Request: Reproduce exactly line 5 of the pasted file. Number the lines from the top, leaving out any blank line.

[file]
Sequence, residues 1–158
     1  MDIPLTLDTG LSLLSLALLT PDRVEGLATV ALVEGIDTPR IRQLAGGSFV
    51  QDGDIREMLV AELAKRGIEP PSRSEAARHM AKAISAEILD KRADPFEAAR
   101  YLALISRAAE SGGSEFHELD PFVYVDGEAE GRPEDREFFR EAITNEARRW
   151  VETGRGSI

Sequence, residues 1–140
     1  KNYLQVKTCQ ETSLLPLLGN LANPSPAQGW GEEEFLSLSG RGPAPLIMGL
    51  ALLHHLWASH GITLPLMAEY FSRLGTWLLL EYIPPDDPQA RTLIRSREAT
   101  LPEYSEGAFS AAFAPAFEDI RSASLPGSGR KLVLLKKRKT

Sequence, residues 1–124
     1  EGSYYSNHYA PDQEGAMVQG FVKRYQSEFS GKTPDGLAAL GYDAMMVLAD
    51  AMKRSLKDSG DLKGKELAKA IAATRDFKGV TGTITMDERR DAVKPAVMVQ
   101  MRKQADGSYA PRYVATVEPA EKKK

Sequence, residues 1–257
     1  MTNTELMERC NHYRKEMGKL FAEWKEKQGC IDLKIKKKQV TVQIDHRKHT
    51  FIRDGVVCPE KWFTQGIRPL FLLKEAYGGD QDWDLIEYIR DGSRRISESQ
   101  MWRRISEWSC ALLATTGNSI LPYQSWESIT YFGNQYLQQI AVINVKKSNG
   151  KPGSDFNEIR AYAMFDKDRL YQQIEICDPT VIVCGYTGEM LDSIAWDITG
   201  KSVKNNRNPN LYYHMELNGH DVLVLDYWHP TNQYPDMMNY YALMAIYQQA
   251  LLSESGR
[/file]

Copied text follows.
   151  VETGRGSI